Wilson included information that Montgomery let slip - the carpet bag, Anne's fascination of puffed sleeves, and Katie Maurice. It all fit together perfectly for me, and my heart broke the whole time, waiting for Anne to get the train to Bright River, and finally get picked up by Matthew Cuthbert, whose name can also burst me spontaneously into tears. The style is not Montgomery but it was very readable and I wasn't expecting the same writing as Montgomery. Wilson has provided Anne lovers with a new book to make us love Anne, and Matthew and Marilla, even more.


  1. Well, it does sound like it is good but I'm still not sure whether I will read it.

    What I'm afraid of is that this may be the start of "them" turning the books into a cash cow like they did the Little House books and bombarding the public with substandard books based on Anne. Whole new series of books that other than being based on Anne have nothing to do with what LMM wrote. Picture book adaptations, series of beginning chapter book adaptations, and then new novels that fill in the space between the books, or creating a Marilla series about when she was a little girl, or a series of books that retell the story from Diana's point of view, you get the idea.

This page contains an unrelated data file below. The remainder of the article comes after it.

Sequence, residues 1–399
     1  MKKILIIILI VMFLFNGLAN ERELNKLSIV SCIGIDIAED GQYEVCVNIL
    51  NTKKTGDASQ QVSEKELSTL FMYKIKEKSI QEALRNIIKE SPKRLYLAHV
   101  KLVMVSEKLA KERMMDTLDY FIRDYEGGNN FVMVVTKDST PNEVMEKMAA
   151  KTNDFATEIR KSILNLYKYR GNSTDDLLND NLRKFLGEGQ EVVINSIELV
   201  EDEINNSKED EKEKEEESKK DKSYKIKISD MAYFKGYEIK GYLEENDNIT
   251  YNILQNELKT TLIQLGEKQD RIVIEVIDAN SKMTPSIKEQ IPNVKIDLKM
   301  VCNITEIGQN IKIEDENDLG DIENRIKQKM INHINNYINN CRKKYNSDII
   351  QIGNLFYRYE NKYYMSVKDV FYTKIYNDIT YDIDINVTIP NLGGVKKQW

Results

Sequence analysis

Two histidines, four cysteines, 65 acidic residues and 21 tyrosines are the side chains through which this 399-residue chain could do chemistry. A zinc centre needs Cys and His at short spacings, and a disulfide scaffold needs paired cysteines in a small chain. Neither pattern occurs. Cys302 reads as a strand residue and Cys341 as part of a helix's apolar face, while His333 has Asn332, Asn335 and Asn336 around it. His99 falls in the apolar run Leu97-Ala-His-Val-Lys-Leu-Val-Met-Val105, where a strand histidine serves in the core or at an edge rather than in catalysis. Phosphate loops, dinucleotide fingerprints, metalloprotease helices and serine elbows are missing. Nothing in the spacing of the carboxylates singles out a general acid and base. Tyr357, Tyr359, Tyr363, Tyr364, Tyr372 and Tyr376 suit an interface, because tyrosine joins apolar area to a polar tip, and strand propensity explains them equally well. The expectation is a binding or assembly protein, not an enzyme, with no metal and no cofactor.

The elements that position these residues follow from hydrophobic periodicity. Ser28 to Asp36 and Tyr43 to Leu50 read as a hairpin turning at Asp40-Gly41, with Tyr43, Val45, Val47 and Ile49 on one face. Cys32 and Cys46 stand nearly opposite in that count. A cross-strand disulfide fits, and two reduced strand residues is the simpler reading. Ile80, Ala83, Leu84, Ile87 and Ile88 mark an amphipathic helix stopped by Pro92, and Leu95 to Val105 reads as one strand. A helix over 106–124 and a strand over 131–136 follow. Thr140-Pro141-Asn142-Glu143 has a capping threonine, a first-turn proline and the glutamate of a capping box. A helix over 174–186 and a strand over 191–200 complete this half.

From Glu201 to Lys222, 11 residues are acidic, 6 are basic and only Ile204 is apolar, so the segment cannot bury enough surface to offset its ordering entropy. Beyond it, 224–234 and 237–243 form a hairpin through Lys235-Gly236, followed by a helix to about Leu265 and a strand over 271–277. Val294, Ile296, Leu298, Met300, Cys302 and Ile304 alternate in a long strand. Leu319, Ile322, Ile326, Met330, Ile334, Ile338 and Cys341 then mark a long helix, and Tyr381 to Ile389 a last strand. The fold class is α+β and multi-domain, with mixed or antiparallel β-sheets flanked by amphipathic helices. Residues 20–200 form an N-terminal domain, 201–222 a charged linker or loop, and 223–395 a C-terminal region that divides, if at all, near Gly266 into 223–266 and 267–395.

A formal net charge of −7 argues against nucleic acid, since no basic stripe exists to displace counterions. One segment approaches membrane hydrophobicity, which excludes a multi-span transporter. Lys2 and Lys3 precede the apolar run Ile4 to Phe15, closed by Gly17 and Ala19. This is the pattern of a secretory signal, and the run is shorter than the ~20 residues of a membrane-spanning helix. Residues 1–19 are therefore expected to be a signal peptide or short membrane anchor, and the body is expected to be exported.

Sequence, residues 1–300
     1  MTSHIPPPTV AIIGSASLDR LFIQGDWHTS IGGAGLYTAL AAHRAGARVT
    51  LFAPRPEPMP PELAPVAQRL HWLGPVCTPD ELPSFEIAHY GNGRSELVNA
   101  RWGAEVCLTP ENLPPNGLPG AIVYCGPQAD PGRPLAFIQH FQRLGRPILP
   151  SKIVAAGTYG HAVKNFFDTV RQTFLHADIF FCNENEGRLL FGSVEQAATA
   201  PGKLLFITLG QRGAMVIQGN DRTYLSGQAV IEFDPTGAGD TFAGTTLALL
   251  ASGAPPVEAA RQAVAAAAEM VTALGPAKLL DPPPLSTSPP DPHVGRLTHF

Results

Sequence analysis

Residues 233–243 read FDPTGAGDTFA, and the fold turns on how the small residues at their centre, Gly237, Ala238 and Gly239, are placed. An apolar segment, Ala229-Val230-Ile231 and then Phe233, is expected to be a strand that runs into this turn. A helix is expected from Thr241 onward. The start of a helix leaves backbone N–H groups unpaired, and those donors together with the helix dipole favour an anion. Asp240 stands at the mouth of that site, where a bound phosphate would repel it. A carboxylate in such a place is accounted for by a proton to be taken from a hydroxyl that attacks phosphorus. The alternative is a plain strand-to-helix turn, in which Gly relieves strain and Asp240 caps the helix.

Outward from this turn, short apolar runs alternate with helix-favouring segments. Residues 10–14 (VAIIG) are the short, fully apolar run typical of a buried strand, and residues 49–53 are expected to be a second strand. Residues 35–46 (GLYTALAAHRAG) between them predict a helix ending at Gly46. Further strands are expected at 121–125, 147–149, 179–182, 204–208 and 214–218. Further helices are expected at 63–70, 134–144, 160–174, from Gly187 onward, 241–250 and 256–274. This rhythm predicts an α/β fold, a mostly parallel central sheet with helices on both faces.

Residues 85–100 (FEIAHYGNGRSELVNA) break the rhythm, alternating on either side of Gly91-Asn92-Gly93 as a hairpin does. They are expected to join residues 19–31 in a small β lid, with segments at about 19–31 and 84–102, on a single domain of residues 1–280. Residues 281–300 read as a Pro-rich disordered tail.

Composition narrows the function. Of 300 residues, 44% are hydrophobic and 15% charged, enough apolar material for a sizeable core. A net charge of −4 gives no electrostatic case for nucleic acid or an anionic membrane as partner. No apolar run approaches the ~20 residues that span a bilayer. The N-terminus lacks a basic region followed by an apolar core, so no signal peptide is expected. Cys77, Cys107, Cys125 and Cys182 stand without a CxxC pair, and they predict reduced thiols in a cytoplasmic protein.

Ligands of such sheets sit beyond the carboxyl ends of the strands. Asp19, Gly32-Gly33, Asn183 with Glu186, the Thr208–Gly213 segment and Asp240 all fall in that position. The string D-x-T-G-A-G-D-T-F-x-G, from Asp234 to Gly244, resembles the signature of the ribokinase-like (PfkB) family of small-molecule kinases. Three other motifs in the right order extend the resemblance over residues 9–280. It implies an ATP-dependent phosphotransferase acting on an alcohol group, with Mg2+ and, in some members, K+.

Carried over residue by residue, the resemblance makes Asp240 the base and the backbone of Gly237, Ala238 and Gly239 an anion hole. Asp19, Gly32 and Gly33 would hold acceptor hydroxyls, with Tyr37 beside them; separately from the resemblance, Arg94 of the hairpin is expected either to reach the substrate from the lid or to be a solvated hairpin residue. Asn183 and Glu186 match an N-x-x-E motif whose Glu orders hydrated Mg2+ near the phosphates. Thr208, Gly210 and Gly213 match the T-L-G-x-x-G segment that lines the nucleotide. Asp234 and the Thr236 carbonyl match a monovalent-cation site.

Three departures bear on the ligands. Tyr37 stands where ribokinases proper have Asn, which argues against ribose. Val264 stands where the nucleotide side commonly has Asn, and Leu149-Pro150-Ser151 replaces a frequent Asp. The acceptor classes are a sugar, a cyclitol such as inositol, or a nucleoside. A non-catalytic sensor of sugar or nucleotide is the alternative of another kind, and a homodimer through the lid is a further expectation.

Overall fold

2. nicola - I'd be afraid of that as well. The only thing that saves this is that the heirs of LM have been very careful and restrictive of giving lisences out for anything to do with Anne. Wilson had to run the plot and details by the family, something she was not comfortable with, but it was a part of the deal. They stayed very invovlved, insuring that the integrity of Anne was not compromised.

  3. Gosh, after reading your review I'd love to read the book. But, first, I have to read the other books by LMM! I've only read the first!!!

  4. I really want to read this! I get a lump in my throat thinking about Matthew..he was so kind and good to Anne.

  5. bookfool - I was wondering if a person were new to the series, would you read this first? I don't think so. Part of the heartbreak is knowing how much better things will be, I knew there was an eventual happy ending, but it might be too depressing to read it only and not know that Anne ends up with Matthew and Marilla.